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Journal of Molecular Biomarkers & Diagnosis

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The Relationship between Leptin and Fatty Acid

Aysel Sari*

Faculty of Science, Department of Chemistry, Firat University, Elazig, Turkey

*Corresponding Author:
Aysel Sari
Faculty of Science, Department of Chemistry
Firat University, 23169, Elazig, Turkey
Tel: +90 424 2370000
Fax: +90 424 2330062
E-mail: [email protected]

Received date: November 20, 2012; Accepted date: December 14, 2012; Published date: December 17, 2012

Citation: Sari A (2013) The Relationship between Leptin and Fatty Acid. J Mol Biomark Diagn 4:139. doi:10.4172/2155-9929.1000139

Copyright: © 2013 Sari A. This is an open-access article distributed under the terms of the Creative Commons Attribution License, which permits unrestricted use, distribution, and reproduction in any medium, provided the original author and source are credited.

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Background: Leptin is important for the regulation of energy metabolism. Fatty acids are essential components of all biological membranes and represent an important form of energy storage in both animals and plants. In addition to leptin’s central effects on appetite control and energy expenditure, it has been shown to have a strong influence on fatty acid metabolism.

Approach: This review summarizes recent knowledge on leptin and fatty acids and their roles in biochemistry and clinical chemistry


Leptin; Fatty acids


Leptin, the product of the ob gene, is a recently discovered singlechain proteohormone with a molecular mass of 16 kDa that is thought to play a key role in the regulation of body weight [1]. Leptin acts on the central nervous system, in particular the hypothalamus, suppressing food intake and stimulating energy expenditure [2]. In addition to its central effects on appetite control and energy expenditure, leptin has been shown to have a strong influence on fatty acid (FA) metabolism and on thel endocrine axis (Figure 1) [3]. Leptin has also been demonstrated to have profound effects on skeletal muscle FA metabolism, resulting in an increase in the capacity to oxidize FA and a lowering of triacylglycerol stores [4,5]. Further demonstrated that leptin acutely alters skeletal muscle FA metabolism. Their results indicated that leptin stimulates FA oxidation while simultaneously decreases the incorporation of FA into the intramuscular triacylglycerol pool in incubated murine muscle. Several previous animal [6-8] and human studies [9] have reported the effects of leptin upon lipid metabolism. Leptin had profound effects on peripheral lipid metabolism, but the majority was explained by its effects on food intake. Leptin had additional centrally mediated effects to increase the expression of a limited number of genes concerned with FA oxidation, whereas we cannot exclude direct peripheral effects of leptin on certain aspects of lipid metabolism [10]. The study by Shimabukuro et al. [11] suggests the existence of a parallel but presumably distinct system through which leptin may regulate triglyceride synthesis and oxidation in tissues. That is a system by which leptin, perhaps acting in part directly on peripheral cells, simultaneously inhibits triglyceride synthesis and stimulates oxidation within the cell [12].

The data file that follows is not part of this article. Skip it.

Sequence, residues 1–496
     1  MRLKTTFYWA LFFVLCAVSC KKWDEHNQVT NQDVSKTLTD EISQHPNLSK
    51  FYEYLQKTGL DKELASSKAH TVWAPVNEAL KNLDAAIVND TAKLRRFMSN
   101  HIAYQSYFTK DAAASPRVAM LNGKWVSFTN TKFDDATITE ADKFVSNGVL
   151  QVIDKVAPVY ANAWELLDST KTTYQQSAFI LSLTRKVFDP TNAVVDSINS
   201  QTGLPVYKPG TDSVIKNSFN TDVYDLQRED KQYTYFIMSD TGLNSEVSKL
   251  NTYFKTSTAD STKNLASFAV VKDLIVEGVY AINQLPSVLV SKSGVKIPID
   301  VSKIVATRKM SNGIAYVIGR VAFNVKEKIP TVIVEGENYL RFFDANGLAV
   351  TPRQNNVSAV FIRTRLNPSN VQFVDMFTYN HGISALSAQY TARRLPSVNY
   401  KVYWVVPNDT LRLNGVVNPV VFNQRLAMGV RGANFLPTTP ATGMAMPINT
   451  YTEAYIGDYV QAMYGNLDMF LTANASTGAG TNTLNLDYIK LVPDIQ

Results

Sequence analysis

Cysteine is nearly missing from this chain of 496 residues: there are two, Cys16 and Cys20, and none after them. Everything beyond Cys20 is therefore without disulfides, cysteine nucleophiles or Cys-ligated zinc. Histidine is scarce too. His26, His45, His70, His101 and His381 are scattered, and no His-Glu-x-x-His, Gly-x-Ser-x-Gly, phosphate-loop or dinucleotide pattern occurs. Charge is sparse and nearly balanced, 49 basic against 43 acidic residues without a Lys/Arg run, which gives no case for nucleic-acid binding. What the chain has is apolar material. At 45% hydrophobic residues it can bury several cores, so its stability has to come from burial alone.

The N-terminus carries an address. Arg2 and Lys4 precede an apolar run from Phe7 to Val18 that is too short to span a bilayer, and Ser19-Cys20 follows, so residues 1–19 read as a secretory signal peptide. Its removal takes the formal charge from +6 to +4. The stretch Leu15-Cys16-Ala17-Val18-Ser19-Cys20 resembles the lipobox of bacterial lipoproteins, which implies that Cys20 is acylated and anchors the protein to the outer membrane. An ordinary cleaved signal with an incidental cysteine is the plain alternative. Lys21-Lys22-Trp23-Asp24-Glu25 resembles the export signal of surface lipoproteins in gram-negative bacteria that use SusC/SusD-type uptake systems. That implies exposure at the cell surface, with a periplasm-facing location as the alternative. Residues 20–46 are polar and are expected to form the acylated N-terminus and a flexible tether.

Figure 1: Action of leptin on the hypothalamus and peripheral organs (pancreas, liver and skeletal muscle).

Leptin, adiponectin, and resistin are produced by the adipose tissue. The protein leptin, a satiety hormone, regulates appetite and energy balance of the body. These hormones have important roles in energy homeostasis, glucose and lipid metabolism, reproduction, cardiovascular function, and immunity. They directly influence other organ systems, including the brain, liver, and skeletal muscle, and are significantly regulated by nutritional status [3]. Across the groups, there were positive linear correlations between leptin concentrations, body mass index (BMI), versus subcutaneous (SC) fat mass and free fatty acid (FFA) levels. Leptin and FFA concentrations are higher and insulin levels lower in both groups of black women compared to the two groups of white women, despite a similar BMI and body fat mass [13]. Especially the omega-3 series, have antiinflammatory actions, which increase the concentrations of anandamides, enhance the levels of acetylcholine and nitric oxide. It modulate the concentrations and actions of various neurotransmitters, including leptin, in the brain [14]. Isomers of conjugated linoleic acid (CLA) are found in beef, lamb and dairy products. Diets containing CLA reduce adipose mass in various depots of experimental animals. In addition, CLA delays the onset of diabetes in the Zucker Diabetic Fatty (ZDF) rat model for obesity-linked type 2 diabetes mellitus. We hypothesize that there would be an inverse association of CLA with body weight and serum leptin in subjects with type 2 diabetes mellitus [15]. Leptin, the product of the ob gene, is a hormone mainly secreted by white adipocytes [16-19]. Binding of leptin to its hypothalamic receptors alters various messengers that regulate energy expenditure, food intake, and the activity of the sympathetic nervous system, at least in rodents [20]. Plasma leptin levels are tightly correlated with the total amount of white fat in the body. Leptin has therefore been considered as a “lipostatic factor” contributing to the regulation of body weight via a negative feedback loop [1]. Several hormones can modulate leptin transcription and secretion in vivo and in vitro, the most important being insulin and norepinephrine [21-23]. In vivo, starvation or food deprivation decreases plasma leptin concentrations and leptin transcription in adipose tissue. These changes are closely associated with decreased plasma insulin concentrations, activation of the sympathetic nervous system, increased lipolysis, and elevated plasma FFA levels. Receding or injection of insulin reverses the decrease of plasma leptin concentrations and leptin transcription in rodents and in humans [24]. Long-chain fatty acids may play an important metabolic role as messengers between the hormonal activation of lipolysis and the final inhibition of leptin secretion from white adipocytes [25]. The correlation among PUFA, obesity, and Ob gene has been previously investigated in in vivo and in vitro studies [26,27]. Although there is extensive experimental research exploring the putative role of FFAs in insulin resistance, glucose intolerance, and type 2 diabetes, there are surprisingly few prospective epidemiologic studies [28,29].